This week's announcement that health department Secretary Dennis Smith's pick for the state's new health officer is Karen McKeown, a young nurse from Tyler, Texas (pop. 109,000), has created a bit of a buzz in the local public health world.
"Who is THAT?" asked one official in a public health department located in southern Wisconsin. (I spoke to a half dozen or so people for this piece, and nearly everyone I talked to was so concerned about biting the hand that fed them, which is how they feared open criticism of a state appointee might be perceived, that they asked me not to reveal their names or even the particular places they work.)
A concerned employee in the state health department forwarded me a letter about the appointment that went out last week to the department and public health programs across the state. A press release with almost identical language was released Monday. "Karen brings a wealth of knowledge across the health policy and public health spectrum and is a strong and effective leader," Smith says in the announcements.
But insiders point out that McKeown, who as the state's health officer is the administrator of the Division of Public Health, appears to have no background or degrees in public health, a specialty within the vast arena of health care.
She has been a nurse for 10 years at the East Tyler Medical Center, where she managed a 50-bed oncology ward at the mid-sized hospital, but such clinical work caring for individuals in a medical setting is very different than overseeing the health of the community at large, I'm told.
Wisconsin's health officer is charged with everything from making sure the state has an emergency plan for threats like H1N1 to managing environmental hazards like lead paint to coordinating immunization campaigns. Previous occupants of McKeown's job have boasted a lengthy list of experiences and advanced degrees in the specialty.
Dr. Seth Foldy, former Gov. Jim Doyle's last appointment to the post, was a pediatrician and the former Milwaukee health commissioner. He also held a master's degree in public health from the Wisconsin Medical College, according to the department's press release about his appointment in 2010.
What McKeown does have in addition to her nursing background is something she shares with her new boss, Secretary Smith -- experience as a fellow with the Heritage Foundation, a conservative think tank. Just last month, Heritage published a 19-page paper by McKeown titled: "Empowering Patients as Key Decision Makers in the Face of Rising Health Care Costs," an article that Robert Kraig of Citizen Action of Wisconsin called a "weird mix" of conservative ideology and McKeown's own observations about work on the front lines of palliative care. (McKeown's piece argues "American values of limited government and individual liberty and responsibility" demand that patients and not "an unaccountable government body" control health care decisions.)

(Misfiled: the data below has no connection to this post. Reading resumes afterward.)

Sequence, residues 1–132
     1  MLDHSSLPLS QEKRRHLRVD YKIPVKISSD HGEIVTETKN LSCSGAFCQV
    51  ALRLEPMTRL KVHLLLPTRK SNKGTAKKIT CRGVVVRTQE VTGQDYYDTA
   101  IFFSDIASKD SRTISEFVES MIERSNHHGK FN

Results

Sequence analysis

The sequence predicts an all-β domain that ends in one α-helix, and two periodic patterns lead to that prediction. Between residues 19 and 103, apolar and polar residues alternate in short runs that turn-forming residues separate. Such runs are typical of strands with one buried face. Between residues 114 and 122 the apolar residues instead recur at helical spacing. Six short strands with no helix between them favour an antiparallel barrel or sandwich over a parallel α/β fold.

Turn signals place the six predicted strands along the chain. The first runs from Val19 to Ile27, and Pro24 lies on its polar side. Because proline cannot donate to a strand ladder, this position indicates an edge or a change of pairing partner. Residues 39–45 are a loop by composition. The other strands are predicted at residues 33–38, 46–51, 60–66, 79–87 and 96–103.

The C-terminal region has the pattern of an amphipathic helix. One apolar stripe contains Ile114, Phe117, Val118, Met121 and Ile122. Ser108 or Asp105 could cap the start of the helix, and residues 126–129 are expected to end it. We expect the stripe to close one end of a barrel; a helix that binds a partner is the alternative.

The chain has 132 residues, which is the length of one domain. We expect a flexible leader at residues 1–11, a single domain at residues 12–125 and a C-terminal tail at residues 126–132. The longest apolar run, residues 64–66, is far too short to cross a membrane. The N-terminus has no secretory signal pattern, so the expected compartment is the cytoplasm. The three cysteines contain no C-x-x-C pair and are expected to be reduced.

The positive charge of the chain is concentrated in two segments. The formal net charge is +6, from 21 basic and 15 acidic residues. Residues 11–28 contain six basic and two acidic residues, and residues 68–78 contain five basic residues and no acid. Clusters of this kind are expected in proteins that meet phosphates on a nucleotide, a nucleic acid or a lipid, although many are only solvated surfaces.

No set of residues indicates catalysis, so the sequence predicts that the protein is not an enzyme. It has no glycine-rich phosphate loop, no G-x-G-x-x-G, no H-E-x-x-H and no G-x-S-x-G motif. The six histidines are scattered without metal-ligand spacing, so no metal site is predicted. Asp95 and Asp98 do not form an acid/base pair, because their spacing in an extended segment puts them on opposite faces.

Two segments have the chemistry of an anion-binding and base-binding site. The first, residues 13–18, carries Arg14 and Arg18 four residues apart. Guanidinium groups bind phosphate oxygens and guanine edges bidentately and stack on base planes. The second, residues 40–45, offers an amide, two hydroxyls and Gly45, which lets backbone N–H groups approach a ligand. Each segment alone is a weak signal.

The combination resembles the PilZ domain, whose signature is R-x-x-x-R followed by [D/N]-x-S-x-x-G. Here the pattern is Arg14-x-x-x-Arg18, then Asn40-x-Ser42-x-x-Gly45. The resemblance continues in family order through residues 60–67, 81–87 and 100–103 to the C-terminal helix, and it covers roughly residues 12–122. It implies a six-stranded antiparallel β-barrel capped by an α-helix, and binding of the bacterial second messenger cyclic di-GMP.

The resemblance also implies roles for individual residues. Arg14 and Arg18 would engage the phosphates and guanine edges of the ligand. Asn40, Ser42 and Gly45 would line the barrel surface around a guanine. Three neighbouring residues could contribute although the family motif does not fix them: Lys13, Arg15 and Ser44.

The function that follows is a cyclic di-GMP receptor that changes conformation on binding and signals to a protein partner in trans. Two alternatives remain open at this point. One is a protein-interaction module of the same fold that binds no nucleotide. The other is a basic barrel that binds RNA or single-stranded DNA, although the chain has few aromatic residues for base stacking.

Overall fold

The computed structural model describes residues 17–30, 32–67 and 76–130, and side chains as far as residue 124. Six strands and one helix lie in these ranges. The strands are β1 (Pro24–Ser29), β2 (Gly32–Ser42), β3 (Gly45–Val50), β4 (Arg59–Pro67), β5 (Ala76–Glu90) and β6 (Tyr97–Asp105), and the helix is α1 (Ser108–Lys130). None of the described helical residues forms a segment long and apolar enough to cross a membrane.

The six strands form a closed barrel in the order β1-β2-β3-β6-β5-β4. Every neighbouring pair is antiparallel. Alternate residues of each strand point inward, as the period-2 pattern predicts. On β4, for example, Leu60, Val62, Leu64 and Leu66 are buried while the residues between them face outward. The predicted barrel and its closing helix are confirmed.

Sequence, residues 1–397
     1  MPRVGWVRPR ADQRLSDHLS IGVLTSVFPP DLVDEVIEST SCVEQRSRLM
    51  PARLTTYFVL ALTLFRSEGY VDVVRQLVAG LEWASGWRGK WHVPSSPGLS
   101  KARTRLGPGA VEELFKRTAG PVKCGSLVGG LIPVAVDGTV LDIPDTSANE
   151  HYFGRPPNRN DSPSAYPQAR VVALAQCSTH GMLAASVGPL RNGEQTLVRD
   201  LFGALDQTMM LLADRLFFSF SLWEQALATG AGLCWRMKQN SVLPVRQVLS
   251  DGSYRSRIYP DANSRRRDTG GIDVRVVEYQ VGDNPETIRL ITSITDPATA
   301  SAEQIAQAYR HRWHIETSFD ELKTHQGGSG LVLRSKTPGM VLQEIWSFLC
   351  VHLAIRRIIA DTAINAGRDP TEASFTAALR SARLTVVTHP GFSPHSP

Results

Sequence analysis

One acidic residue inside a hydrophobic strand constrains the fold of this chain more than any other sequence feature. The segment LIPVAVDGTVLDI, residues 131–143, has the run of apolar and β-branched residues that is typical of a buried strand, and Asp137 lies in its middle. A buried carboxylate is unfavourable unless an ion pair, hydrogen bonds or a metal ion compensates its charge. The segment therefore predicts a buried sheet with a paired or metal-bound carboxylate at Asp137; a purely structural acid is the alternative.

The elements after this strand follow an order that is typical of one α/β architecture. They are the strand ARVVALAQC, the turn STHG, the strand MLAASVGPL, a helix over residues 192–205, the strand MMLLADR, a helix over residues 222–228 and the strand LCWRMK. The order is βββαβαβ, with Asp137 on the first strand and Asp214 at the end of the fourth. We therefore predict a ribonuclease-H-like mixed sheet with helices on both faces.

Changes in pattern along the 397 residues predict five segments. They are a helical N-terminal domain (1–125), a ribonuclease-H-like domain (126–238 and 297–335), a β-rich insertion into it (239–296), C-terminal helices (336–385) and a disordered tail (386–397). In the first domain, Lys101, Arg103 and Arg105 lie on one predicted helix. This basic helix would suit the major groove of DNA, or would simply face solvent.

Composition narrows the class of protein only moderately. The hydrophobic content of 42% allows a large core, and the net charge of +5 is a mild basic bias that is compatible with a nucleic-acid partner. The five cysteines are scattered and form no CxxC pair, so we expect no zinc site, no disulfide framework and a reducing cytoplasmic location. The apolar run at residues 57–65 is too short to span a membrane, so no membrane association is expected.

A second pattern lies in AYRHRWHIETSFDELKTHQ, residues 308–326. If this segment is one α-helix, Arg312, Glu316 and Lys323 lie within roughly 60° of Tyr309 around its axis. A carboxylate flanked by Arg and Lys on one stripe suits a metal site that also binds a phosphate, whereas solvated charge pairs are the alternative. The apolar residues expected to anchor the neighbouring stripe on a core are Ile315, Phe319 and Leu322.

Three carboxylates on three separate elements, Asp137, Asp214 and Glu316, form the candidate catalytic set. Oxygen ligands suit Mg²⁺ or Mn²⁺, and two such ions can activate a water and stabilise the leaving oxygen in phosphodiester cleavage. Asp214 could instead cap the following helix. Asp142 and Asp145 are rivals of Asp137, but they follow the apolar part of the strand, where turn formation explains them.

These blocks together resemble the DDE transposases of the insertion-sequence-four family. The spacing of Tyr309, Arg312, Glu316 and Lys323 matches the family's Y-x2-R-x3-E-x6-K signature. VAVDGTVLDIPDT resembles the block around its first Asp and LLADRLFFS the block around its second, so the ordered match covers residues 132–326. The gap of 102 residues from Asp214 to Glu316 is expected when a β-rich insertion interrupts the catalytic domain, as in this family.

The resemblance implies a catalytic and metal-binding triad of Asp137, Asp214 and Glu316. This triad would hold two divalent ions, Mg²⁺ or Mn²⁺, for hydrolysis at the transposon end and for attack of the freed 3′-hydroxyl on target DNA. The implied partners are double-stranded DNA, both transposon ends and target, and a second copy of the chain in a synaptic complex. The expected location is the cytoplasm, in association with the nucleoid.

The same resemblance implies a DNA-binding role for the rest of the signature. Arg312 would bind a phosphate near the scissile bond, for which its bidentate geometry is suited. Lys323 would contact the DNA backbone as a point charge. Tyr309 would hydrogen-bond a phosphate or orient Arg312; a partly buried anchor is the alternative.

But it would be unfair to assume that a certain ideology or what some see as an unconventional resume mean that McKeown won't do a good job, says David Riemer of Community Advocates Public Policy Institute, an anti-poverty advocacy group. And her work in the trenches as a nurse could bring a breath of fresh air to the position.
"Abraham Lincoln didn't have any war experience and he proved a pretty good strategic military leader," Riemer says.
Indeed, a colleague at her Texas hospital and a former professor at Yale, where McKeown obtained a master's degree in nursing from a new part-time online program she completed over several years from her home in Texas, speak highly of her. (McKeown received web-based instruction in the Nursing Management, Policy and Leadership program, flying to New Haven, Conn., once a month for intensive weekend workshops.)
In an email, Yale nursing school professor Donna Diers describes McKeown as "an outstanding student, dedicated, engaged and enthusiastic."
A profile in a magazine published in 2006 by the School of Nursing says she dreamed of the profession (politics was her other enticing option) ever since she was 10 years old -- a result of watching a grandmother suffer with poorly managed osteoporosis.
McKeown, who was homeschooled by her mother, also earned an associate of arts degree from Tyler Junior College, a two-year school, in 1998 and a bachelor's degree in nursing two years later from the University of Texas branch in Tyler.
Before assuming his post a year ago as Gov. Scott Walker's health secretary, Smith was a senior fellow at the Heritage Foundation, where he wrote articles criticizing President Obama's federal health care reforms, as well as Medicare and Medicaid programs as being unsustainable. Over the past year, Smith has led the Walker administration's efforts to pare back the state's public health programs.
The news release about McKeown praises her as being a good fit for these ongoing efforts. "Her skills will be extremely valuable in this climate of declining federal public health funds," it says.
A request for an interview with McKeown was denied by a departmental spokeswoman.
Note: The story was slightly changed to add the name of the online Yale program McKeown participated in.